A skin care routine does not have to be elaborate in order to be effective. But you should develop some kind of skin care routine based on your skin type, daily activities, and nutritional needs so that you can be sure you are taking the very best care of your skin. Following a daily skin care regime will also allow you to more closely evaluate your skin for abnormalities.
Unless your skin is very oily, you will want to use a moisturizer everyday to keep your skin hydrated and healthy. Your skin needs moisturizer all year long as both the indoor winter heat, and summer sun can be equally damaging to your skin.
Use a natural sunscreen when possible, regardless of whether or not you plan on spending much time in the sun. The sun's rays are very damaging and if you get in the habit of applying sunscreen everyday, you will never be left without protection. The suns most beneficial rays occur at sunrise and sunset.
Experts say that the amount of wrinkles that a person will develop through the years also depends on the genetic make up of this individual. However, smoking, sun exposure, dry skin, and repetitive facial expressions and mannerisms such as frowning, can all enhance the creation of wrinkles that may or may not be permanently present.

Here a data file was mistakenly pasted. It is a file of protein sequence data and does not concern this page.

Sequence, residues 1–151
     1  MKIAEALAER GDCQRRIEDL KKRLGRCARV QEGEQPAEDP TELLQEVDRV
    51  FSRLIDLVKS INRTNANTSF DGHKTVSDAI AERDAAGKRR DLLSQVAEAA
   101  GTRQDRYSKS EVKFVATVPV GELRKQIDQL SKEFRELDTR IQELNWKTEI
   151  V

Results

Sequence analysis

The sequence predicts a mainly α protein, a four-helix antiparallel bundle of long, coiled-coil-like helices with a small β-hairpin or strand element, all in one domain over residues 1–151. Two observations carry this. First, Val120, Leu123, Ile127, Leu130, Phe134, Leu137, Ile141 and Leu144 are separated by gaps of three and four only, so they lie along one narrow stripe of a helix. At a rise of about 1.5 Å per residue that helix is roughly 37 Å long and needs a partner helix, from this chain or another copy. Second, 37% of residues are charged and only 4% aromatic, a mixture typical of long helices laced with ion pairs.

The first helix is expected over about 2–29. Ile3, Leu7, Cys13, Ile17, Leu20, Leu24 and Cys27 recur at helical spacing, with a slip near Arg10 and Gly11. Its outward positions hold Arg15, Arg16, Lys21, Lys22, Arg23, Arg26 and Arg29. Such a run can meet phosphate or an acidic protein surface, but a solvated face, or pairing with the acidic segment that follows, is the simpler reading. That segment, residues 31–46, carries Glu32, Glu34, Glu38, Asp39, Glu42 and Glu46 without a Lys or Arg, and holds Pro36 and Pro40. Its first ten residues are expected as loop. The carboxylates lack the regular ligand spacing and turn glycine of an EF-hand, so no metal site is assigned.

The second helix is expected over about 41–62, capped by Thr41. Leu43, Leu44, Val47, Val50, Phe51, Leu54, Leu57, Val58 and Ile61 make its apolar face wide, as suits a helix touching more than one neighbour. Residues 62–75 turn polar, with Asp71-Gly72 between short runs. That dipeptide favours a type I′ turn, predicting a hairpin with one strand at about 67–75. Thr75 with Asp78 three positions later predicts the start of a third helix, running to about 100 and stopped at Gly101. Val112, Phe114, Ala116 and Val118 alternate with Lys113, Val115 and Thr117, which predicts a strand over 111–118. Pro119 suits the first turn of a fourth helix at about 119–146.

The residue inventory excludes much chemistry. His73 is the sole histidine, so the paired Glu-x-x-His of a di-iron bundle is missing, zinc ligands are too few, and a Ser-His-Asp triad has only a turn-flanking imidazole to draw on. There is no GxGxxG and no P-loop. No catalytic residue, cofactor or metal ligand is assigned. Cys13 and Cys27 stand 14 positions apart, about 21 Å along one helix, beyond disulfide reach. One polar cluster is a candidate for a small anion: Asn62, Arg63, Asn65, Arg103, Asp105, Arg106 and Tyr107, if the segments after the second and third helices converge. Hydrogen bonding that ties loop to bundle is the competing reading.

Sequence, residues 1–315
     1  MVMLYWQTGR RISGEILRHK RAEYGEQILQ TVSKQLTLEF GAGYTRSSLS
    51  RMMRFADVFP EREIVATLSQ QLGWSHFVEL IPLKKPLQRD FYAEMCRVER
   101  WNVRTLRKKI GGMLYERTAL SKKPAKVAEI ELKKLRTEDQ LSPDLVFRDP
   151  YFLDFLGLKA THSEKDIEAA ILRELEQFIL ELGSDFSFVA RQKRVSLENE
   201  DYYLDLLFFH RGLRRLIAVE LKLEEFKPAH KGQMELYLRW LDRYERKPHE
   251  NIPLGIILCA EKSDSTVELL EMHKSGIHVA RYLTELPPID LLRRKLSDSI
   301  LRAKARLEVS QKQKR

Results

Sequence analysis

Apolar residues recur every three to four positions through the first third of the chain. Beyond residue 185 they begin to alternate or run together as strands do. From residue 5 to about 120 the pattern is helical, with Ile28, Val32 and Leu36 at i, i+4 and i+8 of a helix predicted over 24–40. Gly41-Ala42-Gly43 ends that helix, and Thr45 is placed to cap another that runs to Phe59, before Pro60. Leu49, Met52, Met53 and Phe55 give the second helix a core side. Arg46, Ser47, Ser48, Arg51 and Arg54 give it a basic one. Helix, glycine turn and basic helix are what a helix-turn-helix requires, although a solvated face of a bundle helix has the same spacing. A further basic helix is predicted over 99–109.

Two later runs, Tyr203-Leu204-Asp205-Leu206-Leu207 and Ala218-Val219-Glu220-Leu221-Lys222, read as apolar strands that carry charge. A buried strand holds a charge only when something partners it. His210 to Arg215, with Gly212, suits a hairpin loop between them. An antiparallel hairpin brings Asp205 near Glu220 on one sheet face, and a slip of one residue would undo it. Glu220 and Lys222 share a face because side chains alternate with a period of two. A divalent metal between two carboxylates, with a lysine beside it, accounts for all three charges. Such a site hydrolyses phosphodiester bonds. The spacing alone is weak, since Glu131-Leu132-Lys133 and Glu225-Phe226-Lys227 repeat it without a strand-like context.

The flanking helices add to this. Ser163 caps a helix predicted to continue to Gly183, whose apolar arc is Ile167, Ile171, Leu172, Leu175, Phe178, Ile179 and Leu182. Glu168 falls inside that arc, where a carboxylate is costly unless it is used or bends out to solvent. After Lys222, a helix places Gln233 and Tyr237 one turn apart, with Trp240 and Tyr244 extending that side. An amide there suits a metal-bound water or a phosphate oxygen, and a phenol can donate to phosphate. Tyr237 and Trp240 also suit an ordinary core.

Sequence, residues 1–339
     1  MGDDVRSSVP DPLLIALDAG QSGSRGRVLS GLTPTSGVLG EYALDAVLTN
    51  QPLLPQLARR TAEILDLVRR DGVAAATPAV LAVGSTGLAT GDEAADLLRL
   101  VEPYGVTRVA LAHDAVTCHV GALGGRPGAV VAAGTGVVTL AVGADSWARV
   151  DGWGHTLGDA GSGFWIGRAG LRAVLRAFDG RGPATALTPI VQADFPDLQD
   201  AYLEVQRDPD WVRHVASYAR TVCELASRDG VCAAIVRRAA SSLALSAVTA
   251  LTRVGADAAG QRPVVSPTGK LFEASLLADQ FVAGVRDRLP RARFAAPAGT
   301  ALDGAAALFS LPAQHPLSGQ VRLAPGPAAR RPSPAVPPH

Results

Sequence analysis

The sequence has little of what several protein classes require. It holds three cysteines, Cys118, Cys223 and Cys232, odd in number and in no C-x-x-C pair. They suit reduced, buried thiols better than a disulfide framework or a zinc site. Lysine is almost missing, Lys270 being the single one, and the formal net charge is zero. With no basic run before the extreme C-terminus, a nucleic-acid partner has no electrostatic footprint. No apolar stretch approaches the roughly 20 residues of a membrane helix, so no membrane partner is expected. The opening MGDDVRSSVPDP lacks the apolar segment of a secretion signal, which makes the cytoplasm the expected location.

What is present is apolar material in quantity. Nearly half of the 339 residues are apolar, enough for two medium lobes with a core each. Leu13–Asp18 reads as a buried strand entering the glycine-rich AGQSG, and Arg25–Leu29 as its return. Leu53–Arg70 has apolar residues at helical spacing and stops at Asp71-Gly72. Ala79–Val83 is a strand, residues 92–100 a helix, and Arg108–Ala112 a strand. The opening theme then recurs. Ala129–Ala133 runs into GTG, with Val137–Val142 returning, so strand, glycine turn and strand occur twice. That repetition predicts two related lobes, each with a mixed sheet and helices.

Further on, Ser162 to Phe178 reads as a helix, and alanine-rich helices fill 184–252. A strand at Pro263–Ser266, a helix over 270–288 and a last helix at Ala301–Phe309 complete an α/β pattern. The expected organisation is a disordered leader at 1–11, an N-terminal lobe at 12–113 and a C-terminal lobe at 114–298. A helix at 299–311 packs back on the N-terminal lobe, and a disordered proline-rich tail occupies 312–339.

The important thing to remember when seeking out treatment for your wrinkles is to know first how your body can possibly react to the treatment. Get in touch with a skin doctor for things that you are not sure of, but are contemplating on trying out.
- An inflammatory disease of the sebaceous glands and hair follicles of the skin that is marked by the eruption of pimples or pustules, especially on the face.
- Microscopic unicellular prokaryotic organisms characterized by the lack of a membrane-bound nucleus and membrane-bound organelles.
- The sensitive connective tissue layer of the skin located below the epidermis, containing nerve endings, sweat and sebaceous glands, and blood and lymph vessels.
- The outer, protective, nonvascular layer of the skin of vertebrates, covering the dermis.
- A subcutaneous layer of loose connective tissue containing a varying number of fat cells.
- A small swelling of the skin, usually caused by acne; a papule or pustule.
- Invisible electromagnetic radiation between visible violet light and X rays.